It seems that calls for more quantitative easing have been falling on deaf ears in the U.K. In its interest rate decision earlier this week, the Bank of England (BOE) held its ground and decided against further easing, much to the dismay of those who had been hoping for more stimulus.
It left its official bank rate at an all-time low of 0.50% and decided not to pad up its asset purchase facility, which currently stands at 375 billion GBP.
Some left disappointed
Recall that in last month’s meeting, BOE Governor Mervyn King joined two other MPC members in voting for an expansion of its bond-buying program. Some traders believed that other policymakers would follow in King’s footsteps, hop over the fence, and vote for an increase in stimulus in this month’s meeting.
Unfortunately, QE supporters were still unable to wrestle control from those who opposed an expansion of the stimulus program, which left many disappointed. According to a survey conducted by Bloomberg, 10 out of 39 economists had predicted an expansion of at least 25 billion GBP.
Possible reasons behind the decision
Word on the street is that some MPC members are starting to worry about the costs of easing. They’re afraid that injecting any more stimulus into the economy could lead to asset bubbles and higher inflation. Questions have also been raised about whether such a move would still have a material positive impact on the economy.
Furthermore, according to some policymakers, they’re more interested in giving the Funding for Lending scheme (which has been showing a lot of promise) time to work its magic rather than taking the familiar route of increasing asset purchases.
Increase in stimulus only a matter of time?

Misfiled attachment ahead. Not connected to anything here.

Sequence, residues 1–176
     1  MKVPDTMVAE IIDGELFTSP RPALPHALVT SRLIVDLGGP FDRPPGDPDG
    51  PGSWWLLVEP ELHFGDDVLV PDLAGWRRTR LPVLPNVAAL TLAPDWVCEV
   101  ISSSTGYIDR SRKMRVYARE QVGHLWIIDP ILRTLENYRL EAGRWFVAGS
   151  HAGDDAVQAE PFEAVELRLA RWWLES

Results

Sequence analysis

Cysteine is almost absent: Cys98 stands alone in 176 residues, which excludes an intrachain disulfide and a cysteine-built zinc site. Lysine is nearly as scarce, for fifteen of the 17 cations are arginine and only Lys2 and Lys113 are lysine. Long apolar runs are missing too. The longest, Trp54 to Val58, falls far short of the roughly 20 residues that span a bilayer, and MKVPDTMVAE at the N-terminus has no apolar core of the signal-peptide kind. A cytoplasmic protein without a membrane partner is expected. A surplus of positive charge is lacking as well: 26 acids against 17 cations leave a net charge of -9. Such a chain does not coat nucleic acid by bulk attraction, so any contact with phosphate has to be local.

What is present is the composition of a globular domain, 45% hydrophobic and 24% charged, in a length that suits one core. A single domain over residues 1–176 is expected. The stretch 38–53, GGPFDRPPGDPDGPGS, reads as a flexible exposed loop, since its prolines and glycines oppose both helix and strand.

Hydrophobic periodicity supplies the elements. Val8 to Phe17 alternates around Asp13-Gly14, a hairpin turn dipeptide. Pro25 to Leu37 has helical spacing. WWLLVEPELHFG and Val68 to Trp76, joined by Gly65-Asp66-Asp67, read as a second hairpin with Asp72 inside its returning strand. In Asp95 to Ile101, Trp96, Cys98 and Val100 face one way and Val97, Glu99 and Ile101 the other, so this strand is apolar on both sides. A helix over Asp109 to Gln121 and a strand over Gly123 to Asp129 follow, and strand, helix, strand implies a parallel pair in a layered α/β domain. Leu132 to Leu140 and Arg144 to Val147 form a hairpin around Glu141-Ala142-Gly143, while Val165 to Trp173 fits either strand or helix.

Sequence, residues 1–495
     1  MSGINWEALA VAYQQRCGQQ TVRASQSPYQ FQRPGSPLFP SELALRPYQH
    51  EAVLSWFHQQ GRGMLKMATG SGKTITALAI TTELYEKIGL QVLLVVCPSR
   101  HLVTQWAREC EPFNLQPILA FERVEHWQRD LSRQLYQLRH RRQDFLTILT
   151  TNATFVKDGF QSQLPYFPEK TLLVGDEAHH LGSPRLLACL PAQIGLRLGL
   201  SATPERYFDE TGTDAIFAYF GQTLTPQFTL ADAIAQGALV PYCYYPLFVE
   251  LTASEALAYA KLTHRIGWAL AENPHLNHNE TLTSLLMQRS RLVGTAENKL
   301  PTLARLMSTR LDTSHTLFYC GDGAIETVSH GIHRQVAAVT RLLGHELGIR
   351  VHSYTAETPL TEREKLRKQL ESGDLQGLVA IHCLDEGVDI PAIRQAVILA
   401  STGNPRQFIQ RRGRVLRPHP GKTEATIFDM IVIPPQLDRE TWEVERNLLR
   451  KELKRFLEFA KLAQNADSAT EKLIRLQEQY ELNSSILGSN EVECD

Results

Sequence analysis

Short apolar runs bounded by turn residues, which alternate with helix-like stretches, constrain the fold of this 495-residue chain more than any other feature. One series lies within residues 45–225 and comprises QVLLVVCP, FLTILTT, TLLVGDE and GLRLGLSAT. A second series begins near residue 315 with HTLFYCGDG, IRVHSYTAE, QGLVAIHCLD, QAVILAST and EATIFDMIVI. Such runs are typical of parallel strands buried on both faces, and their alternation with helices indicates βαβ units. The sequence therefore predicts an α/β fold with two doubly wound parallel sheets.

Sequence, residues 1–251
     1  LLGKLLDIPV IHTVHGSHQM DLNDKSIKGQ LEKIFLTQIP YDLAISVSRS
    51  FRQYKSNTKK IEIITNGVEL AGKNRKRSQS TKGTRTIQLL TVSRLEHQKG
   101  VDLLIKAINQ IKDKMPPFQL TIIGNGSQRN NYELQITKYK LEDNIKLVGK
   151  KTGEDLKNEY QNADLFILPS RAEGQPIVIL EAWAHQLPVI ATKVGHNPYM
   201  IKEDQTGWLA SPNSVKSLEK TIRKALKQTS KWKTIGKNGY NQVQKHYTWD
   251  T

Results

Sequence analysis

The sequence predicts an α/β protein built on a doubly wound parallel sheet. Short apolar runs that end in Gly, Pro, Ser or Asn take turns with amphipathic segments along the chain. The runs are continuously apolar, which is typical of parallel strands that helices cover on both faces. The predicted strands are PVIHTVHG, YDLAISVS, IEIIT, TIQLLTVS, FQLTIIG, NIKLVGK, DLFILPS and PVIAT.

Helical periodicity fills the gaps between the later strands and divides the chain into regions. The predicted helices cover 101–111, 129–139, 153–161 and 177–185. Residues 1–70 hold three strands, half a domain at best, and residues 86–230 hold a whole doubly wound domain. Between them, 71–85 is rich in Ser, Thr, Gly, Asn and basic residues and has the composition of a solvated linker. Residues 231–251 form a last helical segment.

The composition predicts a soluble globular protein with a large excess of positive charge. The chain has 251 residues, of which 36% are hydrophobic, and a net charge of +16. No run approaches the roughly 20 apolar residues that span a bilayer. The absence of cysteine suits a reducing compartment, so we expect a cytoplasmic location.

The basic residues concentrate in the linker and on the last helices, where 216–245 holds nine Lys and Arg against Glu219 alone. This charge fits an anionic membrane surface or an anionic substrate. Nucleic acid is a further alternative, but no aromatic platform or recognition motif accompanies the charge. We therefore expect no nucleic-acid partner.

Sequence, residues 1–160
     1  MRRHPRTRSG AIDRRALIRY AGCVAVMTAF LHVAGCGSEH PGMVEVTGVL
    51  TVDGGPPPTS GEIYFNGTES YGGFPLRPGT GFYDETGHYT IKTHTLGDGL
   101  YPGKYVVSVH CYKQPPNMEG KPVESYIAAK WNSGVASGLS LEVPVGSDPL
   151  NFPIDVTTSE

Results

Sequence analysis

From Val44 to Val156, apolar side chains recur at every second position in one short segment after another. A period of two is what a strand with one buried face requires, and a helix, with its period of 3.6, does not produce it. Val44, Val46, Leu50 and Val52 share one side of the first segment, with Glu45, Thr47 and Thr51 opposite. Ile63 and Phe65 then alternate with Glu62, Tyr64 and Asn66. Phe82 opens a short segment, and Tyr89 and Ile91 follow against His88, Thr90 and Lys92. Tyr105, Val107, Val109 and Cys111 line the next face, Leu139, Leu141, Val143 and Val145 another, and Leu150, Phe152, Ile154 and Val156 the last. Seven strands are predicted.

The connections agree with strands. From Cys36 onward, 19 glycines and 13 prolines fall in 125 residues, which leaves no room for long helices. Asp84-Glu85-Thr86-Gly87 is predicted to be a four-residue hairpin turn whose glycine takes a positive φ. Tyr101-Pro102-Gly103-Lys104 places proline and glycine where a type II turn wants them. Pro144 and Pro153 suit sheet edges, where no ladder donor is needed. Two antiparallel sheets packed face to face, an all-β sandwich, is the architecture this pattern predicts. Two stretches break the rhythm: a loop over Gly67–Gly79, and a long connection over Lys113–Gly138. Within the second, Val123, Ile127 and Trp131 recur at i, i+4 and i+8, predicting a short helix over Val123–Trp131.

The BOE might have decided to hold off on bumping up its asset purchases this month, but many still see an increase in the near future. In fact, some speculate that it could come as early as next month.
With Mark Carney set to replace Mervyn King in July, the outlook for monetary policy in the U.K. certainly seems to favor more easing. Remember, Carney recently went on record to say that he believes policy isn’t “maxed out” yet, which implies he may take bolder measures when he assumes the role of BOE governor.
As for economic performance, recent reports also seem to hint at a need for some sort of boost. Contractions in retail sales and the manufacturing and construction sectors all point to a possible triple-dip recession this quarter.
The market’s initial reaction to the BOE decision was to buy up the pound, which resulted in a sharp GBP/USD rally. However, this move was slowly undone in the following hours until price made its way back to pre-BOE decision levels.
In this old man’s opinion, this reaction suggests one very important thing: the outlook for U.K. monetary policy really hasn’t changed. The markets might have been disappointed in this month’s rate decision, but they still believe it’s only a matter of time before the BOE gives in to pressure to inject more stimulus into the economy.